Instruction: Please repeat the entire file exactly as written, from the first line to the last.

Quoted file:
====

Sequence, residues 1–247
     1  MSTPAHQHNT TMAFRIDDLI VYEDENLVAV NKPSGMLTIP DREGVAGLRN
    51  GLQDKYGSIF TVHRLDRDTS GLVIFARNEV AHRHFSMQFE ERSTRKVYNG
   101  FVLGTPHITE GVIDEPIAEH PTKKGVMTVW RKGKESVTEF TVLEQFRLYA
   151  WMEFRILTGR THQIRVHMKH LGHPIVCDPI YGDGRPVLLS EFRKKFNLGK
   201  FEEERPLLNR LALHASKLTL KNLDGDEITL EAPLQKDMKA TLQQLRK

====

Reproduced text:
Sequence, residues 1–247
     1  MSTPAHQHNT TMAFRIDDLI VYEDENLVAV NKPSGMLTIP DREGVAGLRN
    51  GLQDKYGSIF TVHRLDRDTS GLVIFARNEV AHRHFSMQFE ERSTRKVYNG
   101  FVLGTPHITE GVIDEPIAEH PTKKGVMTVW RKGKESVTEF TVLEQFRLYA
   151  WMEFRILTGR THQIRVHMKH LGHPIVCDPI YGDGRPVLLS EFRKKFNLGK
   201  FEEERPLLNR LALHASKLTL KNLDGDEITL EAPLQKDMKA TLQQLRK